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1.  GENETIC ASSOCIATION BETWEEN HUMAN CHITINASES AND LUNG FUNCTION IN COPD 
Human genetics  2011;131(7):1105-1114.
Two primary chitinases have been identified in humans – acid mammalian chitinase (AMCase) and chitotriosidase (CHIT1). Mammalian chitinases have been observed to affect the host’s immune response. The aim of this study was to test for association between genetic variation in the chitinases and phenotypes related to Chronic Obstructive Pulmonary Disease (COPD). Polymorphisms in the chitinase genes were selected based on previous associations with respiratory diseases. Polymorphisms that were associated with lung function level or rate of decline in the Lung Health Study (LHS) cohort were analyzed for association with COPD affection status in four other COPD case-control populations. Chitinase activity and protein levels were also related to genotypes. In the Caucasian LHS population, the baseline forced expiratory volume in one second (FEV1) was significantly different between the AA and GG genotypic groups of the AMCase rs3818822 polymorphism. Subjects with the GG genotype had higher AMCase protein and chitinase activity compared with AA homozygotes. For CHIT1 rs2494303, a significant association was observed between rate of decline in FEV1 and the different genotypes. In the African American LHS population, CHIT1 rs2494303 and AMCase G339T genotypes were associated with rate of decline in FEV1. Although a significant effect of chitinase gene alleles was found on lung function level and decline in the LHS, we were unable to replicate the associations with COPD affection status in the other COPD study groups.
doi:10.1007/s00439-011-1127-1
PMCID: PMC3771523  PMID: 22200767
Chronic Obstructive Pulmonary Disease; chitinase; polymorphism; lung function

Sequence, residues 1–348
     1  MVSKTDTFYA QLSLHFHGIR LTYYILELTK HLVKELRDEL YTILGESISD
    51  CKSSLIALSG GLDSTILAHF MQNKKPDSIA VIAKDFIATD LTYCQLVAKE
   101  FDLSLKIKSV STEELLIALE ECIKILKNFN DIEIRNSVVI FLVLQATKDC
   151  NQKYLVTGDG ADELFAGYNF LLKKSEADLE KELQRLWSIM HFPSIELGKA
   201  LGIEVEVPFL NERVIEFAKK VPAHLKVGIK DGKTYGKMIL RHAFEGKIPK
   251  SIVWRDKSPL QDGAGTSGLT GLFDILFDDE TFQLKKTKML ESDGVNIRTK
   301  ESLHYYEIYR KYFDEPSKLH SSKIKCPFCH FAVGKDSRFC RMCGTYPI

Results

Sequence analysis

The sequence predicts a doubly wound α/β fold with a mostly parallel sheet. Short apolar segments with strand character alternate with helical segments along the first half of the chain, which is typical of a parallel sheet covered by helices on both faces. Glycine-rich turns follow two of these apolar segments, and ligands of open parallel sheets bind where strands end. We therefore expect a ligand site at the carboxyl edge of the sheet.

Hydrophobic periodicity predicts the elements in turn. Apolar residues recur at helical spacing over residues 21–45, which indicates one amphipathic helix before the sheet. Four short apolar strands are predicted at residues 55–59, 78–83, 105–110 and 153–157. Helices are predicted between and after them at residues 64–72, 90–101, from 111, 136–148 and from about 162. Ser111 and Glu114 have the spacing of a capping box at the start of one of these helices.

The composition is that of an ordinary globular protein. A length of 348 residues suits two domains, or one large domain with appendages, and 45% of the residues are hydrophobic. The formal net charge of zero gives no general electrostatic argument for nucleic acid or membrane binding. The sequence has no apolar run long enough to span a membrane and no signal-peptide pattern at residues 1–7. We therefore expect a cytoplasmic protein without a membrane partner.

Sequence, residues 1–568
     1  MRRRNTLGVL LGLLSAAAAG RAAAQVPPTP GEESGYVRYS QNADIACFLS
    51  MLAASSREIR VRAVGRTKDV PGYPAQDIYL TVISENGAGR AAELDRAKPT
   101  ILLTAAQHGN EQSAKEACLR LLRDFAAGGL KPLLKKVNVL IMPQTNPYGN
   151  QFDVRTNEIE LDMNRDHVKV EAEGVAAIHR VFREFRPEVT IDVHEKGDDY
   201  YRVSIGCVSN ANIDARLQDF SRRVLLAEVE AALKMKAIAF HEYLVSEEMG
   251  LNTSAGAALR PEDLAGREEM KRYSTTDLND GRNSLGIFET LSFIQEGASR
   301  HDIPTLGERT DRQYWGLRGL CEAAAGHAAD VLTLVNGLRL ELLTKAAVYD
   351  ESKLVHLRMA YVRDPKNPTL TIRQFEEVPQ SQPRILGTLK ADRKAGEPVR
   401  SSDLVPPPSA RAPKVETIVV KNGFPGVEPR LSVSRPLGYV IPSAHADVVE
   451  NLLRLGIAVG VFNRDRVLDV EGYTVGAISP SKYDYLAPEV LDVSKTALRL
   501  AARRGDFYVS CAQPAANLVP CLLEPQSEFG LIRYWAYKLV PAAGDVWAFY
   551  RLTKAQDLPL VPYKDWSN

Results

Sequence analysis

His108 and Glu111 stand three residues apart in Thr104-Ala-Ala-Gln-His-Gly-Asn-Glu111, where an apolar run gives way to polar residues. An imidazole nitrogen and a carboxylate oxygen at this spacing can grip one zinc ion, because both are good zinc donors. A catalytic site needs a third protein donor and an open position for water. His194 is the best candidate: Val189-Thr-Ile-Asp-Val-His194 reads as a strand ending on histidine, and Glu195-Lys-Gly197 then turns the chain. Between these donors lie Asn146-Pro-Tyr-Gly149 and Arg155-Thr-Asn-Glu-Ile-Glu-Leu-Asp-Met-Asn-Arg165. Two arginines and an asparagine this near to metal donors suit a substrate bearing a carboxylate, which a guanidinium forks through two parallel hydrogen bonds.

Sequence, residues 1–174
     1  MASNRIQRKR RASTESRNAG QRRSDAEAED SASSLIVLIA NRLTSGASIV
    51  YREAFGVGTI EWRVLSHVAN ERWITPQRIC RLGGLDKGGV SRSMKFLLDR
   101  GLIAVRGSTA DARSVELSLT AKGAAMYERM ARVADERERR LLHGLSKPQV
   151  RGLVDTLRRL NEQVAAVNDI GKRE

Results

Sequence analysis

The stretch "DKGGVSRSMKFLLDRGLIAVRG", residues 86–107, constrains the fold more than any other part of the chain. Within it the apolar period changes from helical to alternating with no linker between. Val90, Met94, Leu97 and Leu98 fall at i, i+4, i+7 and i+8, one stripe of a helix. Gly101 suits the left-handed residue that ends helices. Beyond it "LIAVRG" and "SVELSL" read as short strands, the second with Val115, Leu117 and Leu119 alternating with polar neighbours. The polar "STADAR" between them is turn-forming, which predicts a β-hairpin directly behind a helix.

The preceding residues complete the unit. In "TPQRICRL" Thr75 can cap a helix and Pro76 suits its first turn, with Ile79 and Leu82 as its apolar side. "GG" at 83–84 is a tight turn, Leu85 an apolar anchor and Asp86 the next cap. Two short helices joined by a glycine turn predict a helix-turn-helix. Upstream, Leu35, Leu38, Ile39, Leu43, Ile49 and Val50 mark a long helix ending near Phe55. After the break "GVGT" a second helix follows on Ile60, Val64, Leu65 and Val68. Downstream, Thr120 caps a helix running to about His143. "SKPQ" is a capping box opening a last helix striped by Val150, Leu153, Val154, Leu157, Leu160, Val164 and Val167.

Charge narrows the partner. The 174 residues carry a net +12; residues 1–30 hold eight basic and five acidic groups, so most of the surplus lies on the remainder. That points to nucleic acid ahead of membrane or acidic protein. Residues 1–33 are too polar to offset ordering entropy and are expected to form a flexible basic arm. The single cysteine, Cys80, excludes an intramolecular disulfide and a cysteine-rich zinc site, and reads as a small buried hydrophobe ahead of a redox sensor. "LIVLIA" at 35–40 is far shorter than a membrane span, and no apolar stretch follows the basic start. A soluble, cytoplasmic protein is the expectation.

2.  The Impact of Nonlinear Smoking Effects on the Identification of Gene-by-Smoking Interactions in COPD Genetics Studies 
Thorax  2010;66(10):903-909.
Background
The identification of gene-by-environment interactions is important to understand the genetic basis of chronic obstructive pulmonary disease (COPD). Many COPD genetic association analyses assume a linear relationship between pack-years of smoking exposure and FEV1; however, this assumption has not been evaluated empirically in cohorts with a wide spectrum of COPD severity.
Methods
We examined the relationship between FEV1 and pack-years of smoking exposure in 4 large cohorts assembled for the purpose of identifying genetic associations with COPD. Using data from the Alpha-1 Antitrypsin Genetic Modifiers Study, we compared the accuracy and power of two different approaches to model smoking by performing a simulation study of a genetic variant with a range of gene-by-smoking interaction effects.
Results
We identified nonlinear relationships between smoking and FEV1 in 4 large cohorts. We demonstrated that in most situations where the relationship between pack-years and FEV1 is nonlinear, a piecewise-linear approach to model smoking and gene-by-smoking interactions is preferable to the commonly used total pack-years approach. We applied the piecewise linear approach to a genetic association analysis of the PI*Z allele in the Norway case-control cohort and identified a potential PI*Z-by-smoking interaction (p=0.03 for FEV1 analysis, p= 0.01 for COPD susceptibility analysis).
Conclusion
In study samples with subjects having a wide range of COPD severity, a nonlinear relationship between pack-years of smoking and FEV1 is likely. In this setting, approaches that account for this nonlinearity can be more powerful and less-biased than the commonly-used approach of using total pack-years to model the smoking effect.
doi:10.1136/thx.2010.146118
PMCID: PMC3312798  PMID: 21163806
smoking; FEV1; gene-by-environment interaction; COPD; gene
3.  Efficacy and safety of 4 weeks' treatment with combined fluticasone furoate/vilanterol in a single inhaler given once daily in COPD: a placebo-controlled randomised trial 
BMJ Open  2012;2(1):e000370.
Background
Fluticasone furoate/vilanterol (FF/VI) is a novel once-daily (OD) inhaled corticosteroid/long-acting β2 agonist combination in development for chronic obstructive pulmonary disease (COPD) and asthma.
Trial design